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D15. ENCODE: Encyclopedia of DNA Elements

ENCODE is a public research consortium, sponsored by the National Human Genome Research Institute (NHGRI),  who goals is to identify all functional elements in the human genome sequence. In September 2012, scientists involved in the project simultaneously published multiple papers the have significantly altered our understanding of how information about gene regulation is encoded into the genome.  Scientists have now identified how function is encoded into most of the genome, a far cry from the early notion that nonprotein-coding DNA sequences, which comprise 98% of the genome, is irrelevant or junk DNA.  Investigators used a variety of techniques to link structure to specific regions of the genome including sequencing of transcribed RNA from different types of cells, assessing senstivity/protection of DNA to an endonuclease, DNase 1, which gives information on DNA packing in chromatin and accessibility to transcription factors (see figure below),  and mapping long range effects of distal enhancers on gene transcription,.

Figure: DNase 1 Sensitivity of Nucleosome Bound and Free DNA

Here are some of the consortium's significant findings:

  • 80% of the genome contains sequences linked to function;

  • The space between coding sequences contains a multitude of enhancer, promoters and sites of non-protein coding RNA transcription, many of which are in DNA regions shown to be involved in disease;

  • 75% of DNA is transcribed during the life of the cell with transcription occurring from both strands and often overlapping;

  • Large numbers of DNase 1 sensitive sites map to experimental and theoretical sites for transcription factor binding;

  • A large number of sites correspond to motifs involved in DNA protein binding;

  • More than 1000 different distal sequences  occur in any cell which affect gene transciption adding great complexity to the simple notion that binding of proteins at the promoter and proximal response elements controls gene transcription;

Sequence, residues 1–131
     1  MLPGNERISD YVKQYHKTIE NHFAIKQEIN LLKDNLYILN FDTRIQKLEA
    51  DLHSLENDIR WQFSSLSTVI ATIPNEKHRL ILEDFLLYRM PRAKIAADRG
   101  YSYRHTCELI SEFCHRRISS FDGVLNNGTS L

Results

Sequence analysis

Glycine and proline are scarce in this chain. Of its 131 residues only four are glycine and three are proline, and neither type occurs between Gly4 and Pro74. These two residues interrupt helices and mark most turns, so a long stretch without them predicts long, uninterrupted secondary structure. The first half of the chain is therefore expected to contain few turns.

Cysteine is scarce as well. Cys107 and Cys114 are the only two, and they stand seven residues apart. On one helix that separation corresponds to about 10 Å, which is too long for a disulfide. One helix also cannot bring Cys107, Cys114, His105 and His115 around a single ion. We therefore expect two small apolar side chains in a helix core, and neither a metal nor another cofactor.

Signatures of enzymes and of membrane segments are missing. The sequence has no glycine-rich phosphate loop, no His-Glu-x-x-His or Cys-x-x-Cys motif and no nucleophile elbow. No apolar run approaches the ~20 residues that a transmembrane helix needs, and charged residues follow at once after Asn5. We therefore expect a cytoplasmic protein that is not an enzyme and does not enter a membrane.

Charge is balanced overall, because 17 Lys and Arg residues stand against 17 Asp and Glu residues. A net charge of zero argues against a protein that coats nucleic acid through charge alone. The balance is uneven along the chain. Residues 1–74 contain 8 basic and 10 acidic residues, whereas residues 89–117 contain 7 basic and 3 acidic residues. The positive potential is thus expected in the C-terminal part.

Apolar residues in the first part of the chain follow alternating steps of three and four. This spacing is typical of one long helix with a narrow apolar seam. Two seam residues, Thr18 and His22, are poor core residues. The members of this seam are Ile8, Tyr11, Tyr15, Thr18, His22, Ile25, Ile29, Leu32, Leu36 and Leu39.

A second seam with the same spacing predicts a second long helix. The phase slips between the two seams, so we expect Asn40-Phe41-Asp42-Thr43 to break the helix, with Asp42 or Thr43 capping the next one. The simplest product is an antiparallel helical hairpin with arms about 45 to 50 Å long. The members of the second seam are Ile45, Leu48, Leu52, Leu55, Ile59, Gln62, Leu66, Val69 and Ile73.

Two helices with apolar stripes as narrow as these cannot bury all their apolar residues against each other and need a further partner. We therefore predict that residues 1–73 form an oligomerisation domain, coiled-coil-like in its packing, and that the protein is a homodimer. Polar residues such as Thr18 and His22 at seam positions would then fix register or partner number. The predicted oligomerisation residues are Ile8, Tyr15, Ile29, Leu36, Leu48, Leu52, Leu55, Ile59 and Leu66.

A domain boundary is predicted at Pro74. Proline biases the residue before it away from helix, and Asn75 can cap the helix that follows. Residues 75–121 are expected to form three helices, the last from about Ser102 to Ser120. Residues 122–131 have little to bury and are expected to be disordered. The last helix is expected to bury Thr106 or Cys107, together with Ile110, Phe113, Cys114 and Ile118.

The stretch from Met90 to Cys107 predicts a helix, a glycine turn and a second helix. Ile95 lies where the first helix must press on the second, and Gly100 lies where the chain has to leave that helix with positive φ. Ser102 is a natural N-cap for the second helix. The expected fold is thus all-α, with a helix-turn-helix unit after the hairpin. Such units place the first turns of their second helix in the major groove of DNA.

• Cells have more than 200,000 DNase 1 sensitive site (far more than the number of promoter sites)

  • About 400,000 regions display "enhancer-like" properties and 70,000 display "promoter-like" properties;

  • Although transcription factors usually bind to under-methylated DNA, transcription factor binding was also found to inhibit methylation;

  • Regulation of transcription involves both binding of protein as well as RNA transcribed from non protein-coding regions of the DNA.

  • Evolutionary mutations in DNA regulatory sequences have potential evolutionary advantage over those in protein-coding sequences  since regulatory effects on gene transcription are cell and time dependence, allowing changes in only certain cells at certain times compared to changes in a coding sequence which could affect many different cells times at many times.

  • Different RNA transcripts vary one million fold in their expression level.

This list clearly shows that genetic information encoded by the linear sequence of DNA ("1 bit" per 3.2 billion base pairs) is only a first approximation of the available information which is encoded by small contiguous stretches of DNA (as found in promoters), by loops distal to promoters (enhancers), chemical modification of DNA (methylation) and DNA binding proteins (methylation, acetylation, phosphorylation), and accessibility of DNA sequences to transcriptional regulators (RNA, protein) and packaging proteins (histones).    All of these must be considered as we try to decode the human genome.

Just as a contrast, we have already discussed how proteins also have additional information elements other than their primary sequence which has the information necessary for protein folding.  Short linear stretches of amino acids also act as signaling elements.  These included N-terminal signal sequences which help locate proteins in the outside of the cell, degradation sequences (regions enriched in PEST amino acids - single letter code), signals that have evolved to encourage or discourage homodimer, heterodimer or nonspecific aggregation, as well as sequences that lead to specific post-translational modifications.  Biological macromolecules (proteins and nucleic acids) are surely information macromolecules.